Not everyone can say they ran away from home and joined the Circus. In a way, I can.
Unfortunately my one-handed clapping act didn’t make the bill on stage, but I did get a pretty ripper opportunity to photograph acts from all over the world performing in The Great Moscow Circus at the Marina Bay Sands Event Space in Singapore.
To be completely honest, this was a really challenging shoot. The light restrictions due to performer safety & total light capacity of the tent made things really tough. Flash photography was out of the question & most performers needed translation. This blog is going to be a little bit technical for the shooters out there who are interested, so buckle in! I was also lucky enough to have Mark Williams taking some behind the scenes shots. Cheers mate!
The first act I shot was called the Cat Walk, which had acrobats jumping off the roof onto trampolines and performing all kinds of backflips, twists & turns in the process, adding in their own playful charm throughout the act. The speeds at which everything was happening was intense, I chose to shoot this job on my Canon 5D Mark IV and my Canon 16-35 F4 for the majority. When I wasn’t kitted up with that, I was using my Canon 70-200, Sigma 50 & 85 mm Prime lenses. “Use a 1DX” You might say - I considered it, I also considered using a 5DSR, I opted for using my own baby, mostly because I needed a blend of both. The application of these images is to be on Billboards, posters, flyers, massive print applications. It was sort of like the Goldilocks approach, one was too hot, one was too cold, my 5D4 was just right.
Getting the most amount of light was imperative, but getting them in still motion was more important to me than having a bit of grain.
You might think I’d be shooting free hand, but I shot the whole thing tethered to a laptop with a local assistant Shawn Paul Tan (Attic Digital, if you ever need a digi in Singapore, give him a ring! He’ll sort you out).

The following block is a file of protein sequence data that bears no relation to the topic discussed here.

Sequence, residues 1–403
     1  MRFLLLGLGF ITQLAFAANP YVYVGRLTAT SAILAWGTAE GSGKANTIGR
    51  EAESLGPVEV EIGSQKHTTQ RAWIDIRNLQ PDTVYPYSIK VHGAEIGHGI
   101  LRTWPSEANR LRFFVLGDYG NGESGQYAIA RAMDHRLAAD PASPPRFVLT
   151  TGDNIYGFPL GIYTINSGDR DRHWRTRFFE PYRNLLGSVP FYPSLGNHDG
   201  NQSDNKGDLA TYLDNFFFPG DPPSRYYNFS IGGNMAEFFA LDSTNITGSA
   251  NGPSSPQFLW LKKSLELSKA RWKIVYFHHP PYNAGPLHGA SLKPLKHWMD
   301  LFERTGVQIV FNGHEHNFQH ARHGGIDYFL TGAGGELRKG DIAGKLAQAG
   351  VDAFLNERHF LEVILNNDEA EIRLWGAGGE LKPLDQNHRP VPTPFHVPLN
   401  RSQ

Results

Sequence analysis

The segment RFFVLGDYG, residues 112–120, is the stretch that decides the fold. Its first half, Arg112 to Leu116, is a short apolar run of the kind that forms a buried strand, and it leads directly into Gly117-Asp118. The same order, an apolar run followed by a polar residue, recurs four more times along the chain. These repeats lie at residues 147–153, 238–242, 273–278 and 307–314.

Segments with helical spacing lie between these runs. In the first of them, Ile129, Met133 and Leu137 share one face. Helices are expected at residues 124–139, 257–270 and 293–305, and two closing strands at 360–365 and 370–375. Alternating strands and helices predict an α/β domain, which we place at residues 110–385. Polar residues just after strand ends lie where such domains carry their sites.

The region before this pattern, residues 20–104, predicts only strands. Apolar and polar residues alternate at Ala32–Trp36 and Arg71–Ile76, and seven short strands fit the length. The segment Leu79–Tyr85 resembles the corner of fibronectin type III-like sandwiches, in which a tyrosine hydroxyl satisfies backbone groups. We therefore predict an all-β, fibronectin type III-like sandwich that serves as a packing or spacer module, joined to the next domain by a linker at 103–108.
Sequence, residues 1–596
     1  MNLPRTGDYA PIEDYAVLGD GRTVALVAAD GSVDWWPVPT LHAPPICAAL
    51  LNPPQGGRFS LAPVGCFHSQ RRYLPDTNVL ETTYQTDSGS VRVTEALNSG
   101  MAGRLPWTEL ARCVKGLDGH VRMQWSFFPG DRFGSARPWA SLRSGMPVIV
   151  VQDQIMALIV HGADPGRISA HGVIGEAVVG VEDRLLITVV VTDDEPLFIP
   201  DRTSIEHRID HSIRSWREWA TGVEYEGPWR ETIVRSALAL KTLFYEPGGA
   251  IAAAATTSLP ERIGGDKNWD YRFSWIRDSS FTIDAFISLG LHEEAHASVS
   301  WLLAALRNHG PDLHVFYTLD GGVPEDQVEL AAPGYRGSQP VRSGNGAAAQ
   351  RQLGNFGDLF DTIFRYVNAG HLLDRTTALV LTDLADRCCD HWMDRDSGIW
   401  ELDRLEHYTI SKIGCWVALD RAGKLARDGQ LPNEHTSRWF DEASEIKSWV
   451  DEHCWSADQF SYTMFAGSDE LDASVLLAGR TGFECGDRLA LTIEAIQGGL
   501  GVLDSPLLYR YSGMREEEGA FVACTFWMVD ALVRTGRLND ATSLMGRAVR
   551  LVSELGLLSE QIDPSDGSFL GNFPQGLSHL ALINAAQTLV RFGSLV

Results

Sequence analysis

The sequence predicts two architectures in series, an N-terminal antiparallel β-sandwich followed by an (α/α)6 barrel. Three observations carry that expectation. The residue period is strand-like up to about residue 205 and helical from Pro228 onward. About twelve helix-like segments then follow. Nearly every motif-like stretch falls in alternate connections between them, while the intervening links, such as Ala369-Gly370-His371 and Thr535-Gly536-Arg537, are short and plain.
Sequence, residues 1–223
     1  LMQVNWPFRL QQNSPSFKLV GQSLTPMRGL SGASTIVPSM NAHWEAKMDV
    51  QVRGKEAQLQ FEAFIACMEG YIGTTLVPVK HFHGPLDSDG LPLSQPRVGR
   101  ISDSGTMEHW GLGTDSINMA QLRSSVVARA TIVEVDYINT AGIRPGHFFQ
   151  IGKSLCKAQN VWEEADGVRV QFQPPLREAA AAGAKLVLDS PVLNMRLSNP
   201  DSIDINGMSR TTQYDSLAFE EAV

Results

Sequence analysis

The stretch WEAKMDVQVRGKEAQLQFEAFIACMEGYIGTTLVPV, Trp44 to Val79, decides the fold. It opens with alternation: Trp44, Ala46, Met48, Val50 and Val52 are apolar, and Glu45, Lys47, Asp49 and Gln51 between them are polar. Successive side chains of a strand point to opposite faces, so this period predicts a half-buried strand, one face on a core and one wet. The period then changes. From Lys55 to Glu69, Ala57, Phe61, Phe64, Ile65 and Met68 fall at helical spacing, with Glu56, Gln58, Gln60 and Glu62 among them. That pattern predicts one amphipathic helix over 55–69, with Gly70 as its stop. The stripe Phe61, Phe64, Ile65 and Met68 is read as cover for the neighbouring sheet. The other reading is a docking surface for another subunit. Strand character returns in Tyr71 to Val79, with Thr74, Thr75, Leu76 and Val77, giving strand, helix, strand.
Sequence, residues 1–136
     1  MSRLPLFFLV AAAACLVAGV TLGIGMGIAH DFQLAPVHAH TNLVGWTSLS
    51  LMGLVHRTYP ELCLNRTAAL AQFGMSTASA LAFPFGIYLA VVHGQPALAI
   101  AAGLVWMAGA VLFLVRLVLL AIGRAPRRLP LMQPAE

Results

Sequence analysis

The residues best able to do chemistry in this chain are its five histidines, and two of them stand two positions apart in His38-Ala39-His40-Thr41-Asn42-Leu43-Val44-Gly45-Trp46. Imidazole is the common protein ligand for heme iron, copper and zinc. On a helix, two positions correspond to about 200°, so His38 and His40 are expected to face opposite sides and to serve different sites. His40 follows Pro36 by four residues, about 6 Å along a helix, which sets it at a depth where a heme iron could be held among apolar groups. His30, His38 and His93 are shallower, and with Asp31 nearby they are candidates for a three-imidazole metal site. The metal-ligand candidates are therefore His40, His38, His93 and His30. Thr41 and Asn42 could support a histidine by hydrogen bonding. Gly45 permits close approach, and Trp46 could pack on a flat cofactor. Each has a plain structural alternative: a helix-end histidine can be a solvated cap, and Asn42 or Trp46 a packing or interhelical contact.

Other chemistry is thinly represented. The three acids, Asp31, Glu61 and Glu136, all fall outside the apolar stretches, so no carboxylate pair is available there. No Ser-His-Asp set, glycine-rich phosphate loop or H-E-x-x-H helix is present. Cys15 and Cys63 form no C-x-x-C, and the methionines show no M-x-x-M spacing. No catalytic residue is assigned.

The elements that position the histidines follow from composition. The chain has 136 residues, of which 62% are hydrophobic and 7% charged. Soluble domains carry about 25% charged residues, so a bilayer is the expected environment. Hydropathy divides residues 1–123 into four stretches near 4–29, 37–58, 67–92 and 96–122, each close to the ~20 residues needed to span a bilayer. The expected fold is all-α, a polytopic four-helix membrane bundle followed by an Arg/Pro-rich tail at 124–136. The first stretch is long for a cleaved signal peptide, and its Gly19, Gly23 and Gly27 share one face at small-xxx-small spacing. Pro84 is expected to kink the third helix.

Shooting tethered meant I knew exactly when I had the shot and didn’t have to second guess, I came out of every shoot with at least one image I was pleased with, which was what the brief needed.
This particular act needed me to get IN the catwalk and shoot upwards to get the right angle… the video of me getting in there is embarrassing to say the least, but worth a laugh.
After this, we shot the Run Track. A series of acrobats running down a gymnastics track… These guys all spoke Russian but were more than happy to repeat some tricks as much as possible to get the right shot, I couldn’t get them away from my assistant as they peered over his shoulder to see the photos. I took a rather precarious position… see below.
So what’s a Circus without a little bit of danger? I thought the same, but it was mostly fear for my gear.
This Circus is animal cruelty free, so there was no risk of a Sigfried and Roy scenario, but I did shoot the loud roar of 4 motor cycles circling around a dome in synchronisation. My major issue with this part of the shoot was capturing the performers through the dome. Shooting at 35 & 50mm, the subjects inside were completely unapparent. I managed to get a few close in depth of field style shots on stationary performers, but that was about it.
The only way to do this right was to put my 16-35 right up against the dome in the crack (that the motorbikes drove over) to get a clear shot. It was one of the most disturbing shooting experiences, the noise from the bikes was deafening as I felt the whoosh of the bikes blow into my hands. Yikes.
The force of the bikes on the dome literally had me shaking - as you can see from the video above. The shots were worth it.
The pace of the day was extremely quick, we had thirteen acts to shoot over 2 days, each act had approximately 45 minutes to get the shots… but most could only perform their act so many times before becoming too fatigued (another trying consideration I had to work with).
I also photographed two live shows and the tent from just about every angle inside & out. I also spent a day and a half before & after the event organising the shoot, having meetings and inspecting the application platforms + renting equipment. I had to pick up a 300mm in country and it proved to be quite an ordeal…
With that in mind, you can understand why we didn’t manage to get behind the scenes images of everything. None the less, here are some of my favourite images from the rest of the shoot, featuring an incredible double rotating wheel, aerialists, clowns & contortionists.
That just about wraps it up… in my 5 days in Singapore I didn’t manage to see a single thing other than this site.
Alas, The Show Must Go On.